In the meantime, the Hellenic Red Cross is collecting donations for the survivors. I hope you will join me in making a donation to them.

© Philip Ammerman, 2018

Saturday 11 February 2017

Unelecting Trump, or the Dark Course of American Democracy

Sometime in late October, I mentioned in a conversation on Facebook that one main concern I had about Donald Trump is that it would be impossible to unelect him. His authoritarian tendencies, which have also been exhibited by the Republican Party in the past 16 years, mean that the rules would be changed to such an extent as to return either the same candidate or his surrogate to power for a long time to come.

How would this be possible? Anyone controlling the Presidency, the Congress and soon the Supreme Court has extraordinary power to influence elections, even though voting is a state responsibility.

Here is a simple catalogue of the alarming trends that are occurring:

1. Voter Suppression

Voter suppression is a strategy to influence the outcome of an election by discouraging or preventing people from voting. (Wikipedia)

Voter suppression has been actively used in key battleground states like Florida (famously in the 1999/2000 vote recount) and Ohio. A complete list of voter suppression techniques seen in the United States can be found on Wikipedia.

The Center for American Progress has a detailed list of actual cases of what it claims are voter suppression in a well-documented article here. Together with the fact that over 6 million convicted felons cannot vote, it is clear that a significant number of the American people are systematically being deprived of their right to vote.

Donald Trump has repeatedly cast doubt on the electoral result, stating that he won by “millions of votes”, and suggesting that voter fraud is the reason he lost the popular vote despite all evidence to the contrary (to date). Given this approach, it is easy to understand how a Trump Administration will choose to ignore further activities in voter suppression in key states.

2. Gerrymandering

Gerrymandering is the process by which a state sets its voting district boundaries in order to achieve a disproportionate political result for certain groups. Several states in the US have extremely complex voting districts which have been defined as a result of partisan gerrymandering.

For more information on this, please see:

Partisan gerrymandering is illegal according to both the US Constitution and subsequent US law. As Wikipedia notes:

Various constitutional and statutory provisions may compel a court to strike down a gerrymandered redistricting plan. At the federal level, the Supreme Court has held that if a jurisdiction’s redistricting plan violates the Equal Protection Clause or Voting Rights Act of 1965, a federal court must order the jurisdiction to propose a new redistricting plan that remedies the gerrymandering. If the jurisdiction fails to propose a new redistricting plan, or its proposed redistricting plan continues to violate the law, then the court itself must draw a redistricting plan that cures the violation and use its equitable powers to impose the plan on the jurisdiction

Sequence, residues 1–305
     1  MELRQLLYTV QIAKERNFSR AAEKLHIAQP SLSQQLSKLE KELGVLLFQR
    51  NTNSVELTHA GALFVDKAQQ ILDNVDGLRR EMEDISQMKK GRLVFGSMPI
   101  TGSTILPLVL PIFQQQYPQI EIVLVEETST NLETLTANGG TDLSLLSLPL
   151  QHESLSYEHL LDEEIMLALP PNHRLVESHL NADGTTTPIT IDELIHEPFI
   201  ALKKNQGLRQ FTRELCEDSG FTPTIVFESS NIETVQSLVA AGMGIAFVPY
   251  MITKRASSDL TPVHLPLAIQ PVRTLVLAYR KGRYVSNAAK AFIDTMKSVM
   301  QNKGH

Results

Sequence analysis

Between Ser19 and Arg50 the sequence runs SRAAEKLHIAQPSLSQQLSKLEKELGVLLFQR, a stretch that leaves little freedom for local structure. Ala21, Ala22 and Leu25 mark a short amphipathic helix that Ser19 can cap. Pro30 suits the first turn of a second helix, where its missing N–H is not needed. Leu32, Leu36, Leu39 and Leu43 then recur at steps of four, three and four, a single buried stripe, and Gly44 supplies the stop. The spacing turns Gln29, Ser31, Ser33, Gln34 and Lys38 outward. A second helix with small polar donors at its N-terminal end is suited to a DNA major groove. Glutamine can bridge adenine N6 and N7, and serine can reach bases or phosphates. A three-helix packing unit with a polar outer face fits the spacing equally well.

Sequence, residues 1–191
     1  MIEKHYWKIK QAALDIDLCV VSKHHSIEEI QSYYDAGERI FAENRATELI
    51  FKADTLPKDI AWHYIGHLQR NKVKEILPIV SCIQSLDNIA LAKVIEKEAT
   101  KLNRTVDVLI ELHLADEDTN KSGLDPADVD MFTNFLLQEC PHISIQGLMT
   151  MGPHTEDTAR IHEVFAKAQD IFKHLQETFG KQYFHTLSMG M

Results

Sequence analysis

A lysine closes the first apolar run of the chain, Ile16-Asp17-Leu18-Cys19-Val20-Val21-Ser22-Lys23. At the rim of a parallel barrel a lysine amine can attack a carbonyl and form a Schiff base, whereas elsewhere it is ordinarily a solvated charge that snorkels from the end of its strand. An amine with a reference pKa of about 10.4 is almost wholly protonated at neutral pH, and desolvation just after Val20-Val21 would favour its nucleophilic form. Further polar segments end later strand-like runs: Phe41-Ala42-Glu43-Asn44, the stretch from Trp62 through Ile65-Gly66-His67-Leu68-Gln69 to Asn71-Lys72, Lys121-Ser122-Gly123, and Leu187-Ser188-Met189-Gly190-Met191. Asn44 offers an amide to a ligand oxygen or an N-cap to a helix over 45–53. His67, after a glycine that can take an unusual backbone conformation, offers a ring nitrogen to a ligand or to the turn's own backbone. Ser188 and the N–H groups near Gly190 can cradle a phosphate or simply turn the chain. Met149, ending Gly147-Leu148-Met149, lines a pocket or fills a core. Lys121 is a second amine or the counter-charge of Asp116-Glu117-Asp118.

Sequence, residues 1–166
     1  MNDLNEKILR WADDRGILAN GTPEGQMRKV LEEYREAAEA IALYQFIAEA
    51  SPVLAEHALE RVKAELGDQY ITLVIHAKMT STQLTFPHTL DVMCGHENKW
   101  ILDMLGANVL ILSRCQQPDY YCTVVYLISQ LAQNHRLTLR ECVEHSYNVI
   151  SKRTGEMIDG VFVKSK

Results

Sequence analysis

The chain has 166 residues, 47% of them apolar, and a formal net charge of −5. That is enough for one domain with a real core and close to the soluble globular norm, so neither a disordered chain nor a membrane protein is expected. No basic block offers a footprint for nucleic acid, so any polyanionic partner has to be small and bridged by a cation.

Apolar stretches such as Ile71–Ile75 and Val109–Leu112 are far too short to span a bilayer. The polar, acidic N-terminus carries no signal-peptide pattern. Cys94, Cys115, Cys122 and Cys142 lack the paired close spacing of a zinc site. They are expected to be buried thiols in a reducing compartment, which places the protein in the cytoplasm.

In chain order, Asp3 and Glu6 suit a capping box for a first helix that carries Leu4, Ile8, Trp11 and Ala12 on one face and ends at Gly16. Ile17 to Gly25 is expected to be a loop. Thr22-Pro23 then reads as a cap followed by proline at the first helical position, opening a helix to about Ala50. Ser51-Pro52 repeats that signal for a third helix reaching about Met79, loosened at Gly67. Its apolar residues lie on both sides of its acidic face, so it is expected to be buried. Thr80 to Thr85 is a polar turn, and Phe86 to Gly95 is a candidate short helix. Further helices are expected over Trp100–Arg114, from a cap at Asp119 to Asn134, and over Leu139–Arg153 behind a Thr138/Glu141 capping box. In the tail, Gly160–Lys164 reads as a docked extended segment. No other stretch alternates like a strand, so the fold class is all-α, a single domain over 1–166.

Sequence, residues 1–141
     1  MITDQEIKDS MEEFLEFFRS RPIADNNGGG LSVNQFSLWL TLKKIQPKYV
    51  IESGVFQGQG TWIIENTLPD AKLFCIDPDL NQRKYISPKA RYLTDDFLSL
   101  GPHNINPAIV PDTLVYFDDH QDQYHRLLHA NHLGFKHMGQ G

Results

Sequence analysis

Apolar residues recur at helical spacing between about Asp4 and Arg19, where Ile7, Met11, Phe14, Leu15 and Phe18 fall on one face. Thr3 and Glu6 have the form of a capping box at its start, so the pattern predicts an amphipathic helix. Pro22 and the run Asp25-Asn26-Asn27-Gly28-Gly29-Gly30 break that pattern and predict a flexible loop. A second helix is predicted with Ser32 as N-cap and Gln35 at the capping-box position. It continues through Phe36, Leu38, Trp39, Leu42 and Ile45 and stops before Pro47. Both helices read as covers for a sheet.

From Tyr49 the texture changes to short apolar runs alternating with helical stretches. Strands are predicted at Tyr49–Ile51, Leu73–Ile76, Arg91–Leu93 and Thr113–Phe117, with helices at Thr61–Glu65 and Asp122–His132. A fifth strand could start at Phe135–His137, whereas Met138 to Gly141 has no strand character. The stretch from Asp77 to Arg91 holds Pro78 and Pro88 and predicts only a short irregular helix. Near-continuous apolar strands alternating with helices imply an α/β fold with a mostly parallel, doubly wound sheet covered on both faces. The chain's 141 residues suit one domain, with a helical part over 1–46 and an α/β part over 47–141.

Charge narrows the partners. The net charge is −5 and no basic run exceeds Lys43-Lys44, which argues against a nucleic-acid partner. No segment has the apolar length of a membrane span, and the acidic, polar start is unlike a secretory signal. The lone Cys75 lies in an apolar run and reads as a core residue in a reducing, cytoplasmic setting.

How would a Trump Administration enhance gerrymandering? Three ways:

a.    By packing the Supreme Court
b.    By weakening the Voting Rights Act of 1965, for instance by creating for intrusive needs for voter registration and reducing the franchise
c.     By refusing to actively enforce these acts through the Attorney General’s office.

Jeff Sessions, who was recently confirmed as Attorney General, has already been rejected by a Senate confirmation panel in 1986 due to allegations of voter intimidation of blacks in Alabama. Mr. Session was, at that time, being nominated as a federal judge.

It is sadly notable that conduct that condemned Mr. Sessions in 1986, during Ronald Reagan’s second term, is considered acceptable in the Senate during Donald Trump’s first term.

3. Fake News / Terrorism

Donald Trump has, both during his campaign but also as President, repeatedly trumpeted fake news, and has conflated or wrongly attributed incidents of terrorism.

The list of fake news is now too long to catalogue, but several parties have made valiant attempts. Here are some:

Why does this matter? Donald Trump has now normalised the fact that he spreads fake news. Prior to his inauguration, this was considered acceptable by the people who voted for him. He is now President of the United States, and it is clear that fake news is not going to go away anytime soon.

How will fake news affect future elections?

a.    It will be spread not only by the usual ecosystem of political surrogates and trollers, but increasingly by elected officials. This is already occurring.

b.    The virulence of attacks on people for refusing to believe in fake news is now at an all-time high. Note the language of Donald Trump’s recent twitter attacks on John McCain over the Yemen raid.